7 Awesome Deer Hunting Firsts
Russ Chastain 11.17.17
Even after 35+ years of deer hunting, there are still plenty of new things to see in the woods. Here are some of the firsts I experienced during a recent deer hunt.
1) Tripod, the Three-Legged Deer
I was hunting a food plot in unseasonable heat when I finally spotted a deer. It was feeding on acorns and wasn’t clearly visible through a screen of brush, but eventually I got a good look at it. It was a young buck, 1.5 years old, also known as a “long yearling.” And its left front leg was useless.
The hoof was curled upward in a way that a deer could probably do at will, but the animal was clearly unable to make it move. It dangled there like an upside-down question mark.
Although the poor little rascal couldn’t paw at a rut scrape, we did see him challenge other young bucks and join in on a doe chase. His meager antlers were also odd, and so tiny that I never could get a very good look at them.
More power to ya, Tripod!
2) Yearlings Nursing From a Doe
During one PM hunt, I watched a mature doe and a trio of yearling fawns grazing in a large food plot for hours. Whether the fawns were all hers I don’t know, but I suspect not.
After more than 2.5 hours, during which all the deer had steadily grazed, I noticed one of the fawns throw its flag (tail) in the air and run towards mama, who was not in clear view. I moved my head to the side so I could see her, and was rewarded with one of the most awesome sights I’ve ever seen while hunting.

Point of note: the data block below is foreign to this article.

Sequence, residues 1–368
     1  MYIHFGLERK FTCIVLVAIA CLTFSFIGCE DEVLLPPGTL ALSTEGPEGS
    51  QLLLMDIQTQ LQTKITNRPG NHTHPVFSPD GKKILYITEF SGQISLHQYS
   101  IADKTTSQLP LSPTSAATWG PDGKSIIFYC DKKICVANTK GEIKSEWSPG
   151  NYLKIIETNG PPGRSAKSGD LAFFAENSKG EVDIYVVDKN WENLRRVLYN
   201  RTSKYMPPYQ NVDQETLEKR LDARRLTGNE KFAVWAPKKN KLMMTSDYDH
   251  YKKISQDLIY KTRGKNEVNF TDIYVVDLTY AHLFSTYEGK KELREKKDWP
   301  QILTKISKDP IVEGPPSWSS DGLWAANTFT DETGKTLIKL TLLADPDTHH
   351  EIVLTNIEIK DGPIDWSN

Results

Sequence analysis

Two large fawns — we’re talking deer that should have been fully weaned, and had been eating solid food for hours as I’d watched — were hungrily nursing on that doe. She stood stock-still as they worked her udders rather violently.
Their tails wagged with involuntary glee as they drew their dessert, and the near deer’s tail was corkscrewing and flapping every which way… until the doe shook them off.
Soon thereafter, they strolled away in single file; having created another superb moment in this deer hunter’s memory.
3) Acorn Vacuums
One morning, I sat in a low box blind and waited for critters to arrive. When one did, that doe went directly to the edge of the woods opposite the stand and began hunting for acorns.
Acorns are sorta scarce this year, likely due to last fall’s drought, and in the stillness I could easily hear her breath as she sniffed and snuffled for those tiny oak nuts.
A few minutes later, a 7-point buck emerged, following in her tracks. He approached her with lust in his eye. “Hey baby,” he suavely purred, as he sauntered towards her with his head held low. “Let’s you and me — oooo, acorns!”
And so he, too, commenced to sniff and snort and eat acorns. Which must have cured his amorousness, since he simply strolled off into the woods when he was done.
I’ve seen deer eat acorns plenty of times, but this was the first time I’d watched AND heard a buck and doe sniffing them out right under my nose.
4) A Spotted Fawn in November
That evening, I sat in a tall ladder stand as a gray sky spat cold water at me and the wind drove it home. I’d seen several deer, all young bucks of one variety or another… and then I looked to my left and saw something way out there.